Once I had all the lines removed, and the counter-folding/counter-wrapped undone and the sail unfurled, the sail could come down easily. Yeah, right… The hoist came down about a third of the way and stuck firmly. Up/down/up again, it still stuck. I could see nothing to suggest why it should be hung up, so the only solution was to go up the mast and pull myself out over the forestay.

Furlers use foils to contain the luff of the sail. They’re made in sections, with inner joints to keep them together. They’re under no tension – they just provide a track to take the sail up, so are under no particular lengthwise pressure, either tension or compression. That’s very comforting, given what I saw when I discovered the source of the jam. The sections are held in place by roller pins – hollow pins that have a seam in them which causes them to push outward under pressure, preventing movement in ordinary circumstances.

In this case, the first foil section’s roller pin had come halfway out. It tapped in easily, and the sail came down – partway! Having gained a clue (many say I’m pretty clueless, but I gather and hoard clues every chance I get!), I immediately expected, and was proven right about, more displaced pins. Those, fortunately, didn’t require a trip up the mast, just a bit of something for me to stand on. Shortly, the sail was on deck, where we’d flaked it as well as we could in its tattered condition. Rolling it up, we took it to the dock for closer inspection…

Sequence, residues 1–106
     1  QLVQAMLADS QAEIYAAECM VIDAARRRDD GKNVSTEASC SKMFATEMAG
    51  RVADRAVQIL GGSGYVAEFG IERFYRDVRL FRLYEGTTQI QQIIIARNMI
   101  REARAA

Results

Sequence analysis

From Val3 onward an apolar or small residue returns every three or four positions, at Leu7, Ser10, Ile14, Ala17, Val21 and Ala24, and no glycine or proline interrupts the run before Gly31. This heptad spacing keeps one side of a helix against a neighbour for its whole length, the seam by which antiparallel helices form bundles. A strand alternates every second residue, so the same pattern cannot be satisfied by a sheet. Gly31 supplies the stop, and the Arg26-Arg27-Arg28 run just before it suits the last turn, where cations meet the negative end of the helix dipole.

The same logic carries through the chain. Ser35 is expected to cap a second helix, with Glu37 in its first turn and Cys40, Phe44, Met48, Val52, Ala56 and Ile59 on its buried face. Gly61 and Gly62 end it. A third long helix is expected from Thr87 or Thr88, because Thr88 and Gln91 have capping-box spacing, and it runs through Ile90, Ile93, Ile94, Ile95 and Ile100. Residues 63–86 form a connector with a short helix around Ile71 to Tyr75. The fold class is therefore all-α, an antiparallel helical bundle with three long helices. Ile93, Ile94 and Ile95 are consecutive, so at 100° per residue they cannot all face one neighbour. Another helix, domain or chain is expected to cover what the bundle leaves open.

It was a sorry sight… We flaked, folded and bagged it properly for sending off, along with the spinnaker (already in its bag), courtesy of a Mack Sails rep we’d met working on another boat in the marina, to the Mack Sails shop in Stuart, FL. The sailmaker confirmed that there were 4 panels that needed replacement, either due to shredding or excessive wear. They were able to source the roller pins for me, and I’ll install new on each of the points where the foil sections meet, as well as one at the very bottom. The cost, not counting the transportation costs of very heavy stuff, given that we’d been able to very economically purchase our sails, was nearly half what we’d paid for it new, so very little time ago. Still, that’s good news in that the rest of it survived, and with new panels in a nearly-new sail, the repair will be inconspicuous, if not invisible. We’ll also have a fair amount of material from which we can make sail bags, line bags, jerry cans covers and the like, from the removed, worn sections.